Quantity Matters: Children With Dyslexia Are Impaired in a Small, but Not Large, Number of Exposures During Implicit Repeated Sequence Learning Purpose The present study investigated the onset of statistical learning and examined whether the number of exposures to a repeated sequence influences the learning performance of children with dyslexia on a serial reaction time task. Method Three groups of children (29 with dyslexia, 29 age-matched controls, and 30 ... Research Article
Research Article  |   November 08, 2017
Quantity Matters: Children With Dyslexia Are Impaired in a Small, but Not Large, Number of Exposures During Implicit Repeated Sequence Learning
 
Author Affiliations & Notes
  • Xinjie He
    Division of Speech and Hearing Sciences, The University of Hong Kong, Pokfulam
  • Shelley Xiuli Tong
    Division of Speech and Hearing Sciences, The University of Hong Kong, Pokfulam
  • Disclosure: The authors have declared that no competing interests existed at the time of publication.
    Disclosure: The authors have declared that no competing interests existed at the time of publication. ×
  • Correspondence to Xiuli Tong: xltong@hku.hk
  • Editor: Krista Wilkinson
    Editor: Krista Wilkinson×
  • Associate Editor: Julie Wolter
    Associate Editor: Julie Wolter×
Article Information
Development / Language Disorders / Reading & Writing Disorders / Attention, Memory & Executive Functions / Research Articles
Research Article   |   November 08, 2017
Quantity Matters: Children With Dyslexia Are Impaired in a Small, but Not Large, Number of Exposures During Implicit Repeated Sequence Learning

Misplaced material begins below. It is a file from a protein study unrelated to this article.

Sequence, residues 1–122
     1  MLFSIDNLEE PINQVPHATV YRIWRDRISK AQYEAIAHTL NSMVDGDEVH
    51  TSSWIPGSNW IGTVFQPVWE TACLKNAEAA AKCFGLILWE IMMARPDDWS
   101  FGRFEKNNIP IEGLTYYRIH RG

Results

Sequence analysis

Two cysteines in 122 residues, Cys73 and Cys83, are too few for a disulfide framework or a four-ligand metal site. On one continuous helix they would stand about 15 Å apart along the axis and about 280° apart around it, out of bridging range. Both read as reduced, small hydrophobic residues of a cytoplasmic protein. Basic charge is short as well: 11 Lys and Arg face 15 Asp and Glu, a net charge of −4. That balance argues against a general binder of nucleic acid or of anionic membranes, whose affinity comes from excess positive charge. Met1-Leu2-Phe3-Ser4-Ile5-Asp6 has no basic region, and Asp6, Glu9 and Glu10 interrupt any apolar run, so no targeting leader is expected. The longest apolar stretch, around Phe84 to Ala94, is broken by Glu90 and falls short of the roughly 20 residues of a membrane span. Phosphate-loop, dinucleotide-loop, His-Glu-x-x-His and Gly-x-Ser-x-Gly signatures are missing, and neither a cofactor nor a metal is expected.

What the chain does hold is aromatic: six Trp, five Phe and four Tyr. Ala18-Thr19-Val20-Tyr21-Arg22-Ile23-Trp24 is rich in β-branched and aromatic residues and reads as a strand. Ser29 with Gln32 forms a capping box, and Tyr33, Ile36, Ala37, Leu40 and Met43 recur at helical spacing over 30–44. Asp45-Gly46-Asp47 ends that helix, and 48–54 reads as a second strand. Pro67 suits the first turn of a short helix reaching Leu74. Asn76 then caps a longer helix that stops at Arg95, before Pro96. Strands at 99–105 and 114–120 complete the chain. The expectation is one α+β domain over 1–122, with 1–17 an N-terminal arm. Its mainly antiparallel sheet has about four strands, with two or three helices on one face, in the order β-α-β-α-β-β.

American Journal of Speech-Language Pathology, November 2017, Vol. 26, 1080-1091. doi:10.1044/2017_AJSLP-15-0190
History: Received December 7, 2015 , Revised July 10, 2016 , Accepted March 7, 2017
 
American Journal of Speech-Language Pathology, November 2017, Vol. 26, 1080-1091. doi:10.1044/2017_AJSLP-15-0190
History: Received December 7, 2015; Revised July 10, 2016; Accepted March 7, 2017

Purpose The present study investigated the onset of statistical learning and examined whether the number of exposures to a repeated sequence influences the learning performance of children with dyslexia on a serial reaction time task.

Method Three groups of children (29 with dyslexia, 29 age-matched controls, and 30 reading level–matched controls) were administered a serial reaction time task, and their statistical learning performances after a small and a large number of exposures (40 vs. 180 exposures) were recorded and compared.

Results Children with dyslexia showed impaired statistical learning after a small number of exposures to a sequence, but intact statistical learning after a large number of exposures. In contrast, the age-matched and reading level–matched control groups showed intact statistical learning after both small and large numbers of exposures. Children with dyslexia also exhibited a slower learning rate than either control group.

Conclusion These results suggest that the amount of exposure to statistical patterns influences statistical learning performance in children with dyslexia.

Acknowledgments
This study was supported in part by the General Research Fund (Grant 17673216) from the Hong Kong Special Administrative Region Research Grants Council to Xiuli Tong and Xinjie He and The University of Hong Kong Seed Funding Programme for Basic Research (Grant 201410159033) to Xiuli Tong. We are grateful to the children for their participation and to their parents and school principals for their generous support.
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